If they are the top four, then there’s a myriad of components that support them – wellbeing, communication, tasking, individualisation of management… Some of these people are already working towards them, but others, such as 100% remote team management will be a new skill for many. Our programmes for 2021 are exciting and new – we are relishing the task of creating a new blend and experience.

As ever, we recognise that a short list doesn’t do justice to the huge task that the future presents. But, often, to tackle the big challenge, you need to break it into smaller chunks to enable you, and your people to ‘get their arms around’ the requirements and start to make it feel achievable.

Because, the future is on it’s way – we will either get lost in it or navigate our way through it. And, sometimes, a simple ‘you are here’ map is the best starting point.

By Chris Preston

2020 was the year the world ‘broke’ – and 2021 is, for a number of reasons, the year that we put it back together. But, as with the best renovations, the fixes are a mix of returning to what was and adding in new and better. There’s an opportunity here to create a new paradigm that lifts the most positive of what we’ve experienced over the last 10 months and weaves it into a new reality for us all.

Throughout 2020, we’ve focused on ‘climate’ – the short term emotional responses and urgent needs that people have experienced as we, incredibly, went from a world where many businesses were 90% plus office based, to one that was the polar opposite. The rapid ‘climate’ fixes are necessary, but they are short-term and we need to shift gears.

Climate, over time, will force changes upon the culture. Think of it like the sand and the waves. The latter is the climate – changing tempo, energy and impact based on external factors. The beach is the culture – it’s more fixed, but over time will shift. Stormy seas will reshape a beach – occasionally in extreme ways, such as the beach in Ireland that re appeared overnight, having been absent for 33 years. Although, normally, culture takes longer to change and climate is about what people are thinking, feeling and doing right now, they both work in identical ways, influence each other, and can equally face disruptive forces.

A great example of these two factors at play is present in a conversation I was having with a client last week about how the small elements of their culture were missing whilst they were operating in such a remote world, which was having a real impact on how people were feeling.  They had hit a target and would normally have pizza and celebrate in the office (these types of behaviours, delivered consistently, are significant in the creation of culture).  I suggested that we look at our CIA model (which explores what we Control, Influence, what we have to Accept). We came up with the fact that what she could do to create a moment of celebration is get a pizza delivered to each member of the team and ask the local delivery companies to write a message with a sharpie on the box.  Then, have a zoom pizza celebration.  It’s within our Control and little moments like this keep the long-term culture alive by creating the right immediate climate, even if a variation on the desired way of celebrating.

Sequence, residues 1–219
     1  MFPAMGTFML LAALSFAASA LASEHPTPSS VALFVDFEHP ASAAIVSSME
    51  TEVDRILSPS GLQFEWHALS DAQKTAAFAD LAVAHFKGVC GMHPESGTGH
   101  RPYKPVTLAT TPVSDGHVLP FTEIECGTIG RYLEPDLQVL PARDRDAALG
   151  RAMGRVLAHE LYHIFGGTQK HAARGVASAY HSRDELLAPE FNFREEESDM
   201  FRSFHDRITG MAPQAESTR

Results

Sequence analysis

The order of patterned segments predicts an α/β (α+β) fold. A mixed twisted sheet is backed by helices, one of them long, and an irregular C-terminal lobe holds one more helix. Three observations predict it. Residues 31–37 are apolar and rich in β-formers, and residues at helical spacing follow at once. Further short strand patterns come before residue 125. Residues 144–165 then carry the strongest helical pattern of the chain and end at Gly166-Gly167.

Culture is not purely formed through responses to situations, (well, not formed properly – you’ll get a culture, just not the one that you wanted). The work now is to start being proactive and forward-thinking. A future pattern is emerging. No one is in any doubt about a vaccine, and this offers a solution to many of the pandemic problems. For far too long we’ve managed and led people in a short-term holding pattern – the ‘fog’ of the future being too dense to actually flight-path a way through.

The fog is lifting, and, to keep people focused, on track and engaged, we need to talk about a plan. Organisations that don’t will suffer badly, as their people rail against the ‘denial’ of what has changed and what the new future could be. ‘Uncertainty’ is becoming ‘possibility’ and capitalising on this will be critical. What will be needed is a balancing act between responding to the short-term ‘climate’ needs – the peaks and troughs, the waves and the harder graft of re-shaping the ‘beach’ for a long-term future. Constantly asking yourself and your people ‘what’s the art of the possible’ is going to be a powerful driver and focus for minds. 

So, fast forward six-nine months and imagine the most positive future. The vast majority of your workforce are able to safely travel, meet and commute. But they don’t want to. Why should they? We’ve just spent 18 months proving it’s not needed, so slipping back to ‘the same old, same old’ wont work. We also don’t know the future of the virus, and how we deal with it alongside the vaccine.